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On April 27, Popes John XXIII and John Paul II will be canonized. Both were great men who made epochal contributions to the Catholic Church. While John XXIII made an enormous contribution to transforming the Catholic Church, John Paul II is one of the greatest popes in the Church's 2,000-year-history, perhaps the greatest.
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After Mother Teresa died, her diaries revealed something that shocked many people, namely, during the last 60 years of her life, from age 27 until she died at age 87, she struggled to imagine that God existed and had no affective experience of either the person or the existence of God. Yet, during all those years, everything in her life incarnated and radiated an exceptional, one-in-a-hundred-million, selflessness, altruism and faith commitment.
What were Mary's and Martha's thoughts during Lazarus' illness and dying? Those who have nursed a loved one during such time may know. On one side, there is the growing realization that the dreaded moment creeps closer and closer. On the other side, nursed by shreds of prayer and stories of miracles, there is childlike hope. Maybe, maybe, God will hear our pleas and those eyes that are closing will open, healthy and joyful. All will be well again. Maybe.
The Alberta bishops' recent pastoral letter on Indian residential schools did many positive things. Besides again apologizing for Catholic involvement in the schools and inviting the Catholic community to participate in the March 27-30 Truth and Reconciliation Commission hearings in Edmonton, the bishops also said "God is speaking to us today through the gifts of aboriginal culture and spirituality."
The Big Bang has captured the scientific and popular mind as the spectacular beginning of the entire universe. There is even an eponymous sitcom which, to judge from what is available on airplanes, might just be the most popular television program ever made. The Big Bang. At one moment there was nothing and then the next moment – bang! – it was there, an explosive mix of all that would become, slowly but inexorably, all that is.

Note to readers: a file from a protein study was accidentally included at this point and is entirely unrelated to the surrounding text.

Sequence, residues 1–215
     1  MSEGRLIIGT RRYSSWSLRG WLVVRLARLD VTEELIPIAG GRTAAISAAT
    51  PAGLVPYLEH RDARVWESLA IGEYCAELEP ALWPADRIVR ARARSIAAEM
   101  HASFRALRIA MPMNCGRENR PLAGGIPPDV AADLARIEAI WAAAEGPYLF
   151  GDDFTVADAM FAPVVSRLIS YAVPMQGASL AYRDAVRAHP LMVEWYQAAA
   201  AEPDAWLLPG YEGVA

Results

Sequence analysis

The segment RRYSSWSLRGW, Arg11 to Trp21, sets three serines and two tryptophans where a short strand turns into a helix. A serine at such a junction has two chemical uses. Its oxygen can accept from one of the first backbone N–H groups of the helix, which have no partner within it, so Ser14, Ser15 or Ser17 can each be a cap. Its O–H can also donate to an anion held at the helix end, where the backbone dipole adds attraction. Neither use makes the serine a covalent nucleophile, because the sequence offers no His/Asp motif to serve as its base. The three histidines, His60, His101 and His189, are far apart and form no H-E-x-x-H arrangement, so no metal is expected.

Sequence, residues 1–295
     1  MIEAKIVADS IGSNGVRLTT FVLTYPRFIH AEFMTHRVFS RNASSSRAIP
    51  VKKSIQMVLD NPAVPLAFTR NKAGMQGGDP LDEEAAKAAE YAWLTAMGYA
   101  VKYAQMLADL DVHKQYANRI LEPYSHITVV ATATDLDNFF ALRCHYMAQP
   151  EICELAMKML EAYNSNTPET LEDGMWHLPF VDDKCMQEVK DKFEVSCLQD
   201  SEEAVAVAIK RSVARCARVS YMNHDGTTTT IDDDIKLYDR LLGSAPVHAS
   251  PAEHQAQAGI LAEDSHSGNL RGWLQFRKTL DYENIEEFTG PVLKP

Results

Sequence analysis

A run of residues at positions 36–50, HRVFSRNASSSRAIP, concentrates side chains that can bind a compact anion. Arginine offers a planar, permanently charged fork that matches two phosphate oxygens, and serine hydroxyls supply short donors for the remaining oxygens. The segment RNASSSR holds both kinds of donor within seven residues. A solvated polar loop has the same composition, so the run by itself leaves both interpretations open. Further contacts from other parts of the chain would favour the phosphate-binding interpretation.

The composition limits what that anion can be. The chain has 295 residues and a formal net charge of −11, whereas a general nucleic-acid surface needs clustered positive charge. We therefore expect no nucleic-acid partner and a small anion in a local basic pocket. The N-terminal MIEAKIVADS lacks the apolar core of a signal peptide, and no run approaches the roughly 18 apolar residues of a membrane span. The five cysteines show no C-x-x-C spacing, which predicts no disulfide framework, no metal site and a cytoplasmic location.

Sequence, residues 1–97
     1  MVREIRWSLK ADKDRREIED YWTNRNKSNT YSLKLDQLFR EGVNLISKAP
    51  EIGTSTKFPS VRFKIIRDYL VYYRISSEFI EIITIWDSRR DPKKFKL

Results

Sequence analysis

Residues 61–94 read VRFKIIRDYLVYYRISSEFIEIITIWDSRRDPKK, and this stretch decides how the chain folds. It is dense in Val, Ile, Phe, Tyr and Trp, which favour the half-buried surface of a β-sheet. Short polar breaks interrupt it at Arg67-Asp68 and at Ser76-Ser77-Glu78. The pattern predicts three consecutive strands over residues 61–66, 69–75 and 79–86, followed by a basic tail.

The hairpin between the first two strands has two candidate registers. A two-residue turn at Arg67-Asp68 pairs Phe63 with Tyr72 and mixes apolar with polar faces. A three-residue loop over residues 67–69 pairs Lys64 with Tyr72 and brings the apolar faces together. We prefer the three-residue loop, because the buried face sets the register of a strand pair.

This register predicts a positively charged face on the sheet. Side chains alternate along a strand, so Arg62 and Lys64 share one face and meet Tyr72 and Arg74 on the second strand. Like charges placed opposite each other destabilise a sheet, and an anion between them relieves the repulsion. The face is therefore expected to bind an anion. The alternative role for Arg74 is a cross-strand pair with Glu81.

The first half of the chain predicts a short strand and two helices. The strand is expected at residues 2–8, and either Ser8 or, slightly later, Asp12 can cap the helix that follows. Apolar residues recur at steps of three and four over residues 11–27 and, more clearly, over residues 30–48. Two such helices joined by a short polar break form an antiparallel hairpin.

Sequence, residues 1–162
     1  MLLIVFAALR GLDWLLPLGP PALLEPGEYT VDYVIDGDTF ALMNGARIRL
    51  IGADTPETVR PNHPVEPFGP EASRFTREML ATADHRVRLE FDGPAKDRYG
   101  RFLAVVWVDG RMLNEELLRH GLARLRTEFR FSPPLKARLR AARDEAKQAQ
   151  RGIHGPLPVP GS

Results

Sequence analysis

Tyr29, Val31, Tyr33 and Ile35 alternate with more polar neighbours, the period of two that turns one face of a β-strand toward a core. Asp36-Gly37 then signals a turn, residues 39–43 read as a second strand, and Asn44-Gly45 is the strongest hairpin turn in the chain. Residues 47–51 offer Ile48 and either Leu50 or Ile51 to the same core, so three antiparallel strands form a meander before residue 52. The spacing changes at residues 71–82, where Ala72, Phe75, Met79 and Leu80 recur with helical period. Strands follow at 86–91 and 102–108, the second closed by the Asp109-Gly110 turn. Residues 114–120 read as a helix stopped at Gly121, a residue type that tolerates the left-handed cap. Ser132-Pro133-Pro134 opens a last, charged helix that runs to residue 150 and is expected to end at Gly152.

My preparations for Easter this year have a unique dimension; I am planning the route for a visit to my father's wartime past in Holland, a route that I will begin Easter weekend. I have been looking through old papers and photographs, reading books, talking to people in Holland who are the children of men he knew there, researching the museums and memorials for the ones that hold the most significance.
The question "What did you give up for Lent?" makes its rounds during many conversations right now. The usual answers came fast and furious. "Coffee." "Chocolate." "Butter." "Wine." Some cheer at the amount of weight they will lose during this religious season. Others acknowledge it as a test of their willpower. For many, it's a witness to their faith.
This spring marks the 20th anniversary of the Rwandan genocide. Triggered the night of April 6, 1994, Hutu extremists retaliated over the assassination of President Habyarimana by killing local Tutsis blamed for the attack. Mounting ethnic tensions between the Hutu majority and Tutsi minority erupted in widespread violence that engulfed the country. For the next 100 days approximately 800,000 Tutsi, Twa and Hutu moderates were killed.
Is hell a physical place? Does God send us to hell? Does the resurrection signify physical movement to a place in space with physical dimensions? If so, space exploration must be penetrating that physical place we still call heaven.
On Shrove Tuesday, I was at a church pancake supper. The conversation quickly turned to Lent, which started the next day, and about fasting. Each of us started talking about the specifics of what we were going to give up during Lent. Different foods and activities were named. Every year, there is a Scripture passage (Isaiah 58) that talks about fasting that appears in the Liturgy of the Hours on Ash Wednesday and in the daily Mass readings two days later.